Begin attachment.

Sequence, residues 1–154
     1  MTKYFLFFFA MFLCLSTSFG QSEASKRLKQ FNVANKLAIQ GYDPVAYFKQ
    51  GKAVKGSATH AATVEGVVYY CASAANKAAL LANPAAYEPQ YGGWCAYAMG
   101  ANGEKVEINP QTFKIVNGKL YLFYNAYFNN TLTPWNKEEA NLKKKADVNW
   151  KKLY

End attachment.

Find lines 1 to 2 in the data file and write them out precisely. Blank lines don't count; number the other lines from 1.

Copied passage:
Sequence, residues 1–154
     1  MTKYFLFFFA MFLCLSTSFG QSEASKRLKQ FNVANKLAIQ GYDPVAYFKQ